Metering Costs And Demand Response

Chris King at eMeter sends me the following information as a follo-up to Vernon’s and my oped today:

Re your editorial, the equipment cost hierarchy you presented is debatable. Regarding load control, the expense is higher than implementing advanced metering, since the device cost is about the same (around $50), but installation is much more complex. A meter is a simple “unplug the old, plug in the new” (literally) installation, while a load control switch requires opening up the air conditioner control circuit to install the switch, a complex operation requiring a licensed electrician. Moreover, with metering you get what you pay for in demand response, while a major percentage (sometimes half or more) of customers on air conditioner load control deliver no load reduction (due to oversized A/C units, failed control switches, and tamper disabled control switches).

Regarding metering, advanced metering (time-based recording with communications) is actually cheaper than adding a second meter. The meter costs more ($50 vs. $25), but, again, the installation is vastly simpler. Installing a second meter requires installing a second circuit breaker box and rerouting of whatever circuit you are monitoring; this approach is cost prohibitive. Moreover, advanced metering provides significant utility operating savings – namely reduced meter reading costs and improved outage management via automatic detection and restoration verification – which further reduces the net cost. In fact, many utilities are implementing advanced metering for these operating cost savings alone (over 10 million units around the U.S.).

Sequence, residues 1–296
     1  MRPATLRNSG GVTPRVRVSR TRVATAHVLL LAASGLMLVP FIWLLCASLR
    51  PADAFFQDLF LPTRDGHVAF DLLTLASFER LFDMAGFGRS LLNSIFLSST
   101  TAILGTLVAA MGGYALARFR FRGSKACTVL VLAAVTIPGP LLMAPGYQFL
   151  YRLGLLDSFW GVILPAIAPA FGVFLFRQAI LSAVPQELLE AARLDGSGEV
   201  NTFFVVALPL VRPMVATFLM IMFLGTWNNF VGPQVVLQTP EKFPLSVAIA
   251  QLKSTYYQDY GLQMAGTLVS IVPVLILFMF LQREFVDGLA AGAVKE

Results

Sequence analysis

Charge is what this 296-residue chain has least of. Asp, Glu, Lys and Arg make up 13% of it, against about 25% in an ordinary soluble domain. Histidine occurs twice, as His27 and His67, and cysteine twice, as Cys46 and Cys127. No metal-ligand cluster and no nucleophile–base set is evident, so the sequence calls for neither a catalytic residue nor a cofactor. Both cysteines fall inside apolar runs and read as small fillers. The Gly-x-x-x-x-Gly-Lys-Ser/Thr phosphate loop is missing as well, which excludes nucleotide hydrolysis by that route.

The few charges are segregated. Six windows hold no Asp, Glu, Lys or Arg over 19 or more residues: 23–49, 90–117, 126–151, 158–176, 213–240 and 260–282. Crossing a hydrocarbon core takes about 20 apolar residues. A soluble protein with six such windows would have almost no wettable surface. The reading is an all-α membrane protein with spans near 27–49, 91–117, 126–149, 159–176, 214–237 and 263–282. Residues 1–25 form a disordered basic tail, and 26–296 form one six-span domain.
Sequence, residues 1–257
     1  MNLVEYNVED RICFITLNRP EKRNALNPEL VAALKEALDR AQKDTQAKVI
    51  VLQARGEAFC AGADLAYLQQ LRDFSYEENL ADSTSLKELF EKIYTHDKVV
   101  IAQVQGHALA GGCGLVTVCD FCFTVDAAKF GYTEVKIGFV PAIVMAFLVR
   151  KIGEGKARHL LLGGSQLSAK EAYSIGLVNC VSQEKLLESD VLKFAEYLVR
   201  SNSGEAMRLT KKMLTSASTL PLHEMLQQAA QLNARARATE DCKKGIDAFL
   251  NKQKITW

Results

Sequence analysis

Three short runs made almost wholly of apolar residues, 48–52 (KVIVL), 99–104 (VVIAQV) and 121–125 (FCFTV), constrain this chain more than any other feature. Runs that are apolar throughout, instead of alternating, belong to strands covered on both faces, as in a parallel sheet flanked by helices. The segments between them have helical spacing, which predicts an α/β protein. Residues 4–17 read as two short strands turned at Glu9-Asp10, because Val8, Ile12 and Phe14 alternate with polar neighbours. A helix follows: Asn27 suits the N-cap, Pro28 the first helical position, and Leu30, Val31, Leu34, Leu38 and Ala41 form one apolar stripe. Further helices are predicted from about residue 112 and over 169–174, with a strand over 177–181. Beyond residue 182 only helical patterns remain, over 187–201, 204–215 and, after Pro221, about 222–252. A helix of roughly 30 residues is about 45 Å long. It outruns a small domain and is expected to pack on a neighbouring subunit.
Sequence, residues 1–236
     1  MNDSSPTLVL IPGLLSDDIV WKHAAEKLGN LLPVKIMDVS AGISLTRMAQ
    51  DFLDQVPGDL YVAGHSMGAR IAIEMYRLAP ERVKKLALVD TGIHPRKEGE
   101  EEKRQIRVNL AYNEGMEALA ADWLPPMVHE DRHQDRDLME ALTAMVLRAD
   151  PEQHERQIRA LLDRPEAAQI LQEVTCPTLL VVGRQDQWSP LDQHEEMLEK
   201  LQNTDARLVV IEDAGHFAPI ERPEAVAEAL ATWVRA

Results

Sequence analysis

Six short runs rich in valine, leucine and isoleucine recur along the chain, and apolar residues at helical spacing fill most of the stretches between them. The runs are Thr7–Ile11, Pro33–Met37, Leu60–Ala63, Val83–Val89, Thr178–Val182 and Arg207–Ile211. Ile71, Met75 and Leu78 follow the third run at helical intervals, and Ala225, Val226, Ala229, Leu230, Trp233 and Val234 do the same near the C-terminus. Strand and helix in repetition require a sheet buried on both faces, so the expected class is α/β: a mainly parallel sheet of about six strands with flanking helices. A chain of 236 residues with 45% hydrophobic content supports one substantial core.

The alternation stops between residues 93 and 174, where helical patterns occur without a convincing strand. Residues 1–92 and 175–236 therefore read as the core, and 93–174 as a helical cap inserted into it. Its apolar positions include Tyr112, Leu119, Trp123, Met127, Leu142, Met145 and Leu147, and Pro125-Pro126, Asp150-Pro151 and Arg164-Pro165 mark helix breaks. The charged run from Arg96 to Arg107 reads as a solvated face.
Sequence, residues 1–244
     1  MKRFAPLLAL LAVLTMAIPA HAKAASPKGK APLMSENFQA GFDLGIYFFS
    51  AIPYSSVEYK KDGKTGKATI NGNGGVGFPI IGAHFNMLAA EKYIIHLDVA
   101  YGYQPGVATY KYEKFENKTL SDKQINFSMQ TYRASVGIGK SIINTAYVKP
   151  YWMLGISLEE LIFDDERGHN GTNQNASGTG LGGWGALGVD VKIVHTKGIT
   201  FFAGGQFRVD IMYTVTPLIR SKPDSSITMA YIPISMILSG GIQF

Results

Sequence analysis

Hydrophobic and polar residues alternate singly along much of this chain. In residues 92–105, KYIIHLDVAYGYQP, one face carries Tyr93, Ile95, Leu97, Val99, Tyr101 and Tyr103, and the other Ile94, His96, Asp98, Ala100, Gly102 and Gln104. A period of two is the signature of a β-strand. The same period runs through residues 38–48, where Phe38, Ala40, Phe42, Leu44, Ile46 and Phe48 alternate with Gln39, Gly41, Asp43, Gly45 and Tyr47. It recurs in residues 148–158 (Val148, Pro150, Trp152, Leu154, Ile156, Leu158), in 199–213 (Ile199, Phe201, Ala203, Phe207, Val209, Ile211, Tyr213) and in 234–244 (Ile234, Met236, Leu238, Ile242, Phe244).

Thus, the lowest cost option is advanced metering, followed by air conditioner load control, followed by a load management system in a home
or business. These numbers are based on large-scale installations.